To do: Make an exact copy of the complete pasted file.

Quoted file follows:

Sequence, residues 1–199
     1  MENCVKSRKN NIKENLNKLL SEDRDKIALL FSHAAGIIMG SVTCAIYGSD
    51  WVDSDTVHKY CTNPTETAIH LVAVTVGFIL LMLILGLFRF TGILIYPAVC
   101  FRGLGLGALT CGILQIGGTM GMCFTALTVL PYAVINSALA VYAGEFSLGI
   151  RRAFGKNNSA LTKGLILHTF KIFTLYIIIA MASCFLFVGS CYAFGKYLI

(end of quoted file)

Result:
Sequence, residues 1–199
     1  MENCVKSRKN NIKENLNKLL SEDRDKIALL FSHAAGIIMG SVTCAIYGSD
    51  WVDSDTVHKY CTNPTETAIH LVAVTVGFIL LMLILGLFRF TGILIYPAVC
   101  FRGLGLGALT CGILQIGGTM GMCFTALTVL PYAVINSALA VYAGEFSLGI
   151  RRAFGKNNSA LTKGLILHTF KIFTLYIIIA MASCFLFVGS CYAFGKYLI